George Bernard Shaw
Orange Tree Theatre
Orange Tree Theatre
Set in the autumn of 1894, the year it was written, in St Dominic’s Parsonage, which looks out Victoria Park in East London, Shaw’s play is very much of its period but so lively it feels like a new play. That must be due partly to Paul Miller’s production and his cast. Put aside the idea of Shaw as long speeches and being serious. He’s also very funny and this play that Shaw placed with his “Plays Pleasant” is a very light-hearted look at society and relationships.
Happily married Rev James Morell is devoted to his parishioners and the causes he espouses. He’s a serious Christian Socialist, always busy with giving talks as well as well as preaching sermons (as designer Simon Daw reminds us with images of political tracts and Fabian papers enlarged on the floor and the balcony fronts).
His politics may be progressive but he thinks himself secure in a conventional view of marriage so it's a shock to find he has a rival for his Candida’s affection. He is Eugene Marchbanks, an 18-year-old aristocratic aesthete Morell found sleeping on the Embankment because he didn’t understand he could already cash a cheque in his pocket.
Now Candida has taken the immature young poet under her wing. She treats him like a child but he idolises her. Morell sees her as his wife, his support, the mother of his children; Marchbanks believes he understand her better. Which best deserves her love? Whom will she choose if she is made to?
Both men seem remarkably chauvinist by modern standards, but Candida knows how to handle them, though it is only towards the end of the play that instead of being talked about she takes control. Claire Lams gives her the good looks, the confidence, the charm and the vitality that makes these men love her then gets the chance to reveal her intelligence.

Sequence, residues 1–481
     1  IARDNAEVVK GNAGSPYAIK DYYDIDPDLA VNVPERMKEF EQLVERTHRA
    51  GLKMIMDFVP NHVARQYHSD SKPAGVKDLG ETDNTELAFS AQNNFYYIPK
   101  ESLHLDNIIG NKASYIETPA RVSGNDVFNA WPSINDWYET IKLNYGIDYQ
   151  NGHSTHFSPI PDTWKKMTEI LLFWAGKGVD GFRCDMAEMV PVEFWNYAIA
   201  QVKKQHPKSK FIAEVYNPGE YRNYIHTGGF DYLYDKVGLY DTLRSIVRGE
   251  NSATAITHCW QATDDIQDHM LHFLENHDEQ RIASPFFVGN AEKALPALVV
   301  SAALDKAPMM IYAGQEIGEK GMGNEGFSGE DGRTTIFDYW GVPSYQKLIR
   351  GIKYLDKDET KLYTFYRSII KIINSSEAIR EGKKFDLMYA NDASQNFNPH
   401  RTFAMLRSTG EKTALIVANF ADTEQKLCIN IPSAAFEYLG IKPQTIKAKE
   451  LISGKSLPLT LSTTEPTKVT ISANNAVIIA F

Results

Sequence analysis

Martin Hutson is the calm, caring clergyman, not entirely unaware that women don’t flock to his sermons and lectures just to hear what he has to say. He explodes into anger exactly as those do who seem so patient and then suddenly flare up. Joseph Potter, making his professional debut as Marchbanks, makes him the emotional opposite, crumpled up in a chair when he can’t cope or flinging himself on the ground in his passion.
The three central performances are matched by Michael Simkins as Candida’s father, Mr Burgess, a hard-nosed employer exploiting his workers, a confident mixture of East End accent and respectability. Once accused by Morell of under-paying his women workers, he claims he stopped doing that: he brought in machinery and sacked them and now pays his skilled staff the union rate. He’s a likable rogue though.
Morell has a devoted secretary, Proserpine Garnett: Sarah Middleton gives her just the right kind of perkiness, calf-eyes for Morell but sharply outspoken and picking up Candida’s confidence. He has an assistant cleric too, Rev Mill: Kwaku Mills makes him all of a flutter, however much he might like to have Morell’s calm. Just see these two supposed teetotallers after a champagne dinner with Mr Burgess!
This delightful revival is Miller’s fourth Shaw in five years. They are well matched. I look forward to more.
Reviewer: Howard Loxton